In the end perseverance always pays.

In the end perseverance always pays

Although it has been said that “Patience is its own reward,” God also rewards patience, as so clearly demonstrated at the end the Book of Job. Recall Job 42:10:

 And the LORD turned the captivity of Job, when he prayed for his friends: also the LORD gave Job twice as much as he had before.

In reality when we respond to God in faith, we find that “without faith it is impossible to please God. For he that comes to God must believe that He is and that He is a rewarder of those who diligently seek Him.” Indeed, we see that the Lord is “merciful and gracious, slow to anger, and abounding in mercy.” Verse 11 of Psalm 103 also states, “Foras the heavens are high above the earth, so great is His mercy toward those who fear Him;” Not only is patience its own reward, but God also honors and rewards patience, as we patiently wait on Him.

Karen Clark Sheard and Donnie McClurkin offer a stirring rendition of a song that captures the essence of Psalm 27:14: “Wait on the Lord.”

Closing Prayer for the Day:

Gracious God, our Heavenly Father, our hearts continue to overflow with gratitude to you for all that you have done for us. For your love that continues to sustain us, we praise you. We ask that you would continue to lead, guide, and direct our steps. May you order our steps in your Word, as you continue to open the eyes of our understanding, as we read and strive to apply the principles of the Word of Life to our lives each day. May patience be our portion, as we wait on the Lord. In the name of Jesus Christ, our risen Lord and Savior, and soon-coming King, we pray. Amen.

Learning to wait on the Lord with patience

October 18, 2013

The Verse of the Day for October 18, 2013 is the last verse from my favorite Psalm:

Psalm_27-14

Associated with waiting on the Lord is the character trait of patience or endurance or perseverance, steadfastly bearing up under and remaining faithful while waiting. Patience or perseverance is a fruit of the spirit that should be evident in our lives, as we wait on the Lord. When we examine one of the words for “patience”- hupomone, we see a compound word derived from hupo, meaning under and meno, meaning “to stay, remain, abide”, literally abiding under. The verb hupomeno means to stay under (behind), i.e. remain; figuratively, to undergo, i.e. bear (trials), have fortitude, to persevere — abide, endure, (take) patient(-ly), suffer, tarry behind.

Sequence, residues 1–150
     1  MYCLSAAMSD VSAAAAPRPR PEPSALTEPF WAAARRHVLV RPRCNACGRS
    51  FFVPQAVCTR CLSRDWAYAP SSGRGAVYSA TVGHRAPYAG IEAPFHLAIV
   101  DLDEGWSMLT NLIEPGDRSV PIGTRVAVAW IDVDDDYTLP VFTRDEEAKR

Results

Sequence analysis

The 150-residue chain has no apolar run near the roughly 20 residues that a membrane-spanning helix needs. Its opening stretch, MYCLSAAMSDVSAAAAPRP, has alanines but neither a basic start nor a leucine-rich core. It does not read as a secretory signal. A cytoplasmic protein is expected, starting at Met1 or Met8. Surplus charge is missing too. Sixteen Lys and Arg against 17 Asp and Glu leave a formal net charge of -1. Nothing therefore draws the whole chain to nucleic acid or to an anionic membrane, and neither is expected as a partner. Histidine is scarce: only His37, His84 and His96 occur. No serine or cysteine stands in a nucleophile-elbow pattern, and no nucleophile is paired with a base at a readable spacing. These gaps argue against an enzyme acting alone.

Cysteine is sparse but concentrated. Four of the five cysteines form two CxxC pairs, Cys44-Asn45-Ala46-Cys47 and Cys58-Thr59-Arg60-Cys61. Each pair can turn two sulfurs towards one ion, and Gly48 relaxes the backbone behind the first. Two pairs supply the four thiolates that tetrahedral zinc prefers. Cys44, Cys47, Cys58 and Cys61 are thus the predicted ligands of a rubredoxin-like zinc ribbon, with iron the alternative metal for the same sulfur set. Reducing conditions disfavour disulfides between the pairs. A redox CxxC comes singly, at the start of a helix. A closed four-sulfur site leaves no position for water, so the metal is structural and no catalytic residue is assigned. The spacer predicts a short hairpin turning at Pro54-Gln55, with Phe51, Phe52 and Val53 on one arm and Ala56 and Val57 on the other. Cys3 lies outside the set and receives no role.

The root idea of the noun hupomone is that of remaining under some discipline, subjecting one’s self to something which demands the yielding of the will to something against which one naturally would rebel.  It means cheerful (or hopeful) endurance, constancy — enduring, patience, patient continuance (waiting). It is a bearing up in a way that honors and glorifies our heavenly Father, not merely to grin and bear it.

This artistic rendering of Job and his friends is done by William Blake.

This artistic rendering of Job and his friends and his wife  is done by William Blake.

Hupomone is used 32 times in the New Testament and is translated: endurance seven times; patient enduring once; perseverance twenty-one times; and steadfastness three times.  James 5:11 provides an excellent example of both the verb hupomeno and the noun hupomone in a particular individual who embodies the character trait of patient endurance. The King James Version offers this rendering containing a familiar phrase that encompasses a character trait that is most often associated with Job:

Behold, we count them happy which endure. Ye have heard of the patience of Job, and have seen the end of the Lord; that the Lord is very pitiful, and of tender mercy.

The Book of Job is a classic example of the principle of first usage and first spiritual principle, which highlights as particularly important the first time that a concept is mentioned in the Bible.  It is believed by E.W. Bullinger and other Bible scholars that the first book written was the Book of Job, believed to be composed by Moses. Job, whom Chuck Swindoll described as a “man of heroic endurance,” was, indeed, a real person, and his story is one of the first demonstrations of many spiritual principles. One of the foundational spiritual principles that the Book of Job demonstrates is that God is “full of compassion and tender mercy” and that he rewards those who demonstrate “patience.”  A number of years ago I composed a little song based on the character trait “perseverance”, another word for patience:

 Never give up! Keep your chin up!

Never give up! And you will find

The strength you need to give it one more try.

Never give up Keep your chin up!

Never give up! But realize

You’ve got to go “through” to get to the prize.

So never give up! Keep your chin up!

In the end perseverance always pays.

In the end perseverance always pays.

Although it is said that “Patience is its own reward,” God also rewards patience, as so clearly demonstrated at the end the Book of Job. Recall Job 42:10:

 And the LORD turned the captivity of Job, when he prayed for his friends: also the LORD gave Job twice as much as he had before.

In reality when we respond to God in faith, we find that “without faith it is impossible to please God. For he that comes to God must believe that He is and that He is a rewarder of those who diligently seek Him.” Indeed, we see that the Lord is “merciful and gracious, slow to anger, and abounding in mercy.” Verse 11 of Psalm 103 also states, “For as the heavens are high above the earth, So great is His mercy toward those who fear Him;”

Not only is patience its own reward, but God also honors and rewards patience, as we patiently wait on Him.

Karen Clark Sheard and Donnie McClurkin offer a stirring rendition of a song that captures the essence of the Verse of the Day: “Wait on the Lord.”